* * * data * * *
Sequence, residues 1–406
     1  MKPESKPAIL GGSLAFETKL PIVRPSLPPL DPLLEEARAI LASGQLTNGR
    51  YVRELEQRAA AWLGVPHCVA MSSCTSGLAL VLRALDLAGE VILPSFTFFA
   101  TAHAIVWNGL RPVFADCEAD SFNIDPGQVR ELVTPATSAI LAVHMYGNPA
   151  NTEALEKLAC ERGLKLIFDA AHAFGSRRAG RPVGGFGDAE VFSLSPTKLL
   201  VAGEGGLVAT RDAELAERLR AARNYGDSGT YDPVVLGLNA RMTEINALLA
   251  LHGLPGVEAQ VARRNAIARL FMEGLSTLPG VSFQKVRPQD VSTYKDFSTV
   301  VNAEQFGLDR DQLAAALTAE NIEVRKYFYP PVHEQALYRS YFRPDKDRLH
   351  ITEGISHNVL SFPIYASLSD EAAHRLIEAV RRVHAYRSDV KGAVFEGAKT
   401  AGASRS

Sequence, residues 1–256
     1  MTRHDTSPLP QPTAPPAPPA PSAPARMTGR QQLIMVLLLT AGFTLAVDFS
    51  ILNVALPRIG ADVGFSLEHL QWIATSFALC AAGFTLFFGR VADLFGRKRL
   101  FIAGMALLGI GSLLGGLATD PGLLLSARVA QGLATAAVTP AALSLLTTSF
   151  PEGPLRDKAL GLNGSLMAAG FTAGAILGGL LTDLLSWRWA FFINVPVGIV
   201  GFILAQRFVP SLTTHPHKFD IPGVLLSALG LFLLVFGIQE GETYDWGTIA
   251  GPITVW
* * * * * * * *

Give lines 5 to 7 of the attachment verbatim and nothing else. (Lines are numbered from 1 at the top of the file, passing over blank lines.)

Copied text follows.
   151  NTEALEKLAC ERGLKLIFDA AHAFGSRRAG RPVGGFGDAE VFSLSPTKLL
   201  VAGEGGLVAT RDAELAERLR AARNYGDSGT YDPVVLGLNA RMTEINALLA
   251  LHGLPGVEAQ VARRNAIARL FMEGLSTLPG VSFQKVRPQD VSTYKDFSTV